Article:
<!--As the mercury drops in many parts of the world and swimsuits are traded in for sweatshirts, runners are retreating to the local sports clubs and hitting the treadmills for the winter months. </p> <p>But-->Just because there's ice on your windshield doesn't mean you have to hibernate like a ground squirrel. Here are ?ve reasons you should bundle up and run outdoors even when the snow hits.
1. You Don't Get Hot
The ?rst and most obvious benefit to running outside in the winter is that you aren't likely to overheat. Because of this, winter running is actually somewhat easier. Heat and humidity slow you down and can make you want to stop running before your planned mileage is up. Even in the gym, the air can get sticky. But outside in the fresh air you can maintain a comfortable temperature for a long time with just a couple of moisture-wicking layers on.
2. It Prepares You for Races
Sure, in a pinch the treadmill is a great tool. Everyone has their cold threshold, when it's just too frigid to be outside. And there are some days when the snow and ice make the roads too perilous for running. But the smooth surface and human-propelling belt of a treadmill can leave your training regimen...well, a little ?at.
If you're preparing for that big spring marathon you're much better off training in conditions that are similar to those on race day. On the graded and uneven surface of the road, you'll be training your muscles, joints and lungs to handle the real thing. The mill can't give you the same workout that the pavement can, so running outdoors as much as possible can get your body in line come race day.
3. It Builds Your Mental and Physical Toughness
Pulling on that gear and heading out into the 20 degree day can be a hard thing to do when your house is (and your toes are) nice and warm. Not to mention the fact that there's dirty snow on the ground, the trees are nothing to look at and your running partners have all disappeared. Many say that running is about mental toughness; well, this is a good time to gain some.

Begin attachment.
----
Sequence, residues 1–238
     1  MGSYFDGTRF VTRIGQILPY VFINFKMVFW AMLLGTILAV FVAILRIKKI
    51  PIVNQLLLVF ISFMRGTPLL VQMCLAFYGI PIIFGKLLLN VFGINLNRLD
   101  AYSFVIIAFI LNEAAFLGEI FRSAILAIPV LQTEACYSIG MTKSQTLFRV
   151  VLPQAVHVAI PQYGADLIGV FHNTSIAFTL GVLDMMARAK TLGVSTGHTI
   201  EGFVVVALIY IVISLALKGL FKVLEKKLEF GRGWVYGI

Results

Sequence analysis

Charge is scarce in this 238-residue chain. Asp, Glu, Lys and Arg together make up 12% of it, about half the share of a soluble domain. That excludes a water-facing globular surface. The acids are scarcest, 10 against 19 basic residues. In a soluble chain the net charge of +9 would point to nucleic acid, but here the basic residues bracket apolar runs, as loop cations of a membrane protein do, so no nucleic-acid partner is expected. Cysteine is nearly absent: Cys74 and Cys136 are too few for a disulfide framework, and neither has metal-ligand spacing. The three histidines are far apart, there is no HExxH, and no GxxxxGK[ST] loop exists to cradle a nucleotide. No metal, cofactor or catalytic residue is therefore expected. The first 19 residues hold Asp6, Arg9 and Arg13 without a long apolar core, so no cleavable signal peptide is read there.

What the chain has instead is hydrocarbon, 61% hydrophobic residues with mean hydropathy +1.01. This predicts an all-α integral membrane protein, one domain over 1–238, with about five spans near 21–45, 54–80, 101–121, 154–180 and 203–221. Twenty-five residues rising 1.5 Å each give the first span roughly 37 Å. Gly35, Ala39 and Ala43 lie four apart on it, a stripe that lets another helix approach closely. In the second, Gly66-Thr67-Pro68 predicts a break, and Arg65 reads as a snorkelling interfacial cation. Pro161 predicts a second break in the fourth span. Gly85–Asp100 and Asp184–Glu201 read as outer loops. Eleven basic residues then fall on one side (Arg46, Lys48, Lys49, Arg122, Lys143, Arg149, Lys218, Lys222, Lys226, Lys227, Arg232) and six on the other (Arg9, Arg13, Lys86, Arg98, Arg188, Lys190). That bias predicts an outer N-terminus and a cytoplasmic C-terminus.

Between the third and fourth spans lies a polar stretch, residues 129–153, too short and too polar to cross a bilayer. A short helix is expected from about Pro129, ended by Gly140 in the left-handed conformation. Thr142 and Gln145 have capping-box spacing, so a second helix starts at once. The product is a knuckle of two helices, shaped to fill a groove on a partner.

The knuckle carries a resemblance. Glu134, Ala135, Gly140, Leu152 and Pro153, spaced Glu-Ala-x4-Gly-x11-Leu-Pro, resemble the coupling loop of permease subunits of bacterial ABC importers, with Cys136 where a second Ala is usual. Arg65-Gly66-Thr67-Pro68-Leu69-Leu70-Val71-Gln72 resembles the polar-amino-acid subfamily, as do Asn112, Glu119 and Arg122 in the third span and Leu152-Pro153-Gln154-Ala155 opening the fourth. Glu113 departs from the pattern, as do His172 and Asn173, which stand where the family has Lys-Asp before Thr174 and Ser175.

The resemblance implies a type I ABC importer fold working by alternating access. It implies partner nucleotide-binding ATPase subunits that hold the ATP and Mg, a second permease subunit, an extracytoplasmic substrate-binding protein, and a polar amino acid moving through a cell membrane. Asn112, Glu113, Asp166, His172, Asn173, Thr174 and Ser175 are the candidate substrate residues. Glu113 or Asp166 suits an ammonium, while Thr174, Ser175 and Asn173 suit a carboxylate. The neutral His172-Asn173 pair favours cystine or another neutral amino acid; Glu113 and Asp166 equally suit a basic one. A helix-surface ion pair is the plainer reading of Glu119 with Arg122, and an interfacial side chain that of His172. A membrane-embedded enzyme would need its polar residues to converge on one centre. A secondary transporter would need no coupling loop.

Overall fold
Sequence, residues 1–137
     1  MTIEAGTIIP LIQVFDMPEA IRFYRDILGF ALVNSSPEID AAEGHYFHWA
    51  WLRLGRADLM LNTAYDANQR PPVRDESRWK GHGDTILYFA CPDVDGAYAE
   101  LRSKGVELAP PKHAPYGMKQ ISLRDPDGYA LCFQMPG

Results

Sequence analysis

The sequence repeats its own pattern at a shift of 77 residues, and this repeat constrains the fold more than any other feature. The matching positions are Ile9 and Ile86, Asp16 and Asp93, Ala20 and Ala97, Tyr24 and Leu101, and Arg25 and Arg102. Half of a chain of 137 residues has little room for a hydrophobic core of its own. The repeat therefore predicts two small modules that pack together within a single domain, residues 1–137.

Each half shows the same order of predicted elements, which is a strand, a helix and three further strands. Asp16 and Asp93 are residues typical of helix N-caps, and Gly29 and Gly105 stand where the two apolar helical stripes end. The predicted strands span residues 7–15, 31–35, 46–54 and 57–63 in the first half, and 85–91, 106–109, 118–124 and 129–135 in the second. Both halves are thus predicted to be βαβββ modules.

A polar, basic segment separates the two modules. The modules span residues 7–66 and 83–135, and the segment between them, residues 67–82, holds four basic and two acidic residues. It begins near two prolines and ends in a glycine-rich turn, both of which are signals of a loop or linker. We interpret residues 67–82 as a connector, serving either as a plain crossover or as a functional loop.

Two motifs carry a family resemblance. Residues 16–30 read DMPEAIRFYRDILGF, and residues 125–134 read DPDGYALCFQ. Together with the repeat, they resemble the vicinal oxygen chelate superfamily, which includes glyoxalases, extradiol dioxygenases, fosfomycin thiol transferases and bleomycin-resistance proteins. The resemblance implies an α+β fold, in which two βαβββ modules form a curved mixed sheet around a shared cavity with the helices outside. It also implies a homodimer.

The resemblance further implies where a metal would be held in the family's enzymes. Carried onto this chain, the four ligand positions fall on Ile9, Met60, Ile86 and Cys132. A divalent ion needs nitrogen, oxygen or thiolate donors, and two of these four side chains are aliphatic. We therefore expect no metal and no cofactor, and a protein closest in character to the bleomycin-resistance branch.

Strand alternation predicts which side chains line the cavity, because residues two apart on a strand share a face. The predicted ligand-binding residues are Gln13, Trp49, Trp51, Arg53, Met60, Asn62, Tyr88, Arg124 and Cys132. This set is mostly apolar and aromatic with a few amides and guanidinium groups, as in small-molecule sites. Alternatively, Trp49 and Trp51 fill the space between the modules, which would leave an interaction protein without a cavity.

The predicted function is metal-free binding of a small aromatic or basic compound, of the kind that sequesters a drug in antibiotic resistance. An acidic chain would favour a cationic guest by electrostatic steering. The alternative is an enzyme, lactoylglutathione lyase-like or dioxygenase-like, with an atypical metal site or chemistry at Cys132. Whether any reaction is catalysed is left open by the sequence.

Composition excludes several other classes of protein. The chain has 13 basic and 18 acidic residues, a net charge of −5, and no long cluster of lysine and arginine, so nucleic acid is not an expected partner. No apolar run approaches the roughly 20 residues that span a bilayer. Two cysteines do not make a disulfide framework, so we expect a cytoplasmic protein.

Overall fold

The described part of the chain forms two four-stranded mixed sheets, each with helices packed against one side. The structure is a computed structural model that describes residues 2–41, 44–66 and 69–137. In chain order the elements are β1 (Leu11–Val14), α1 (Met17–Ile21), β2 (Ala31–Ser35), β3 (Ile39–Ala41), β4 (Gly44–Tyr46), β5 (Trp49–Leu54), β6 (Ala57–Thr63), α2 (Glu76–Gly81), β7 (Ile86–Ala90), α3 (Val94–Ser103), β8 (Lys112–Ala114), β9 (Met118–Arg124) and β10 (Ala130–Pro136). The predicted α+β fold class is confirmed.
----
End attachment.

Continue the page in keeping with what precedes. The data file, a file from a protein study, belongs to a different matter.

Running in the cold improves your physical endurance; the intense weather can program your body to operate better in adverse conditions, thereby increasing your stamina. Also, you'll get used to the cold after awhile, and the increase in blood circulation can keep you warmer while you're at rest. Learn to love racking up miles out in the chilly tundra, and you'll become a much stronger runner.
4. It Curbs the Winter Blues
Seasonal Affective Disorder (SAD) gets to a fair amount of those who live in the chilliest climates, especially after the holidays are over. But even if you don't get the winter blues, a dose of fresh air and sunshine is good for you. It can boost your mood and keep you motivated while everyone else is sleeping late and complaining about the snow.
5. It Keeps Off the Winter Bulge
The term "bathing suit season" was coined for a reason: most everyone spends the spring and summer on some diet, trying to lose the winter weight and regain their shape. But you don't have to let the colder months turn you into a lazy pile of mush.
You can stay motivated and challenged all winter long by keeping up on those outdoor miles. Your swimsuit will thank you. So ask for some running gloves and a neck-warming gaiter for the holidays, and run outdoors this winter. You might even surprise yourself and ?nd that you love it.Sign up for your next race.
Trisha Reeves is a half marathoner with more than 10 years of running experience.